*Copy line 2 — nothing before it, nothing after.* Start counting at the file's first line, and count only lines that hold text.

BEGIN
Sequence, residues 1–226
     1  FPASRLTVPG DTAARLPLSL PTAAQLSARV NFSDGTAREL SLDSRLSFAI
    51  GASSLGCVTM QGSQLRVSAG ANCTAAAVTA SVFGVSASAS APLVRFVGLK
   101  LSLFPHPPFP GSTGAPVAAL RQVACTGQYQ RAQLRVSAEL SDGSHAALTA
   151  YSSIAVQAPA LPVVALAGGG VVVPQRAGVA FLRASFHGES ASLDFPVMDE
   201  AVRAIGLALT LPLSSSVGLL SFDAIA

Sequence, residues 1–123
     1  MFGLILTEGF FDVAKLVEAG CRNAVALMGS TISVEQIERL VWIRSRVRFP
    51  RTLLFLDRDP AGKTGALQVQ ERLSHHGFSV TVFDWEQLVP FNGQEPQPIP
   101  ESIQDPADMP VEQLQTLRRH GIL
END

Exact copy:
     1  FPASRLTVPG DTAARLPLSL PTAAQLSARV NFSDGTAREL SLDSRLSFAI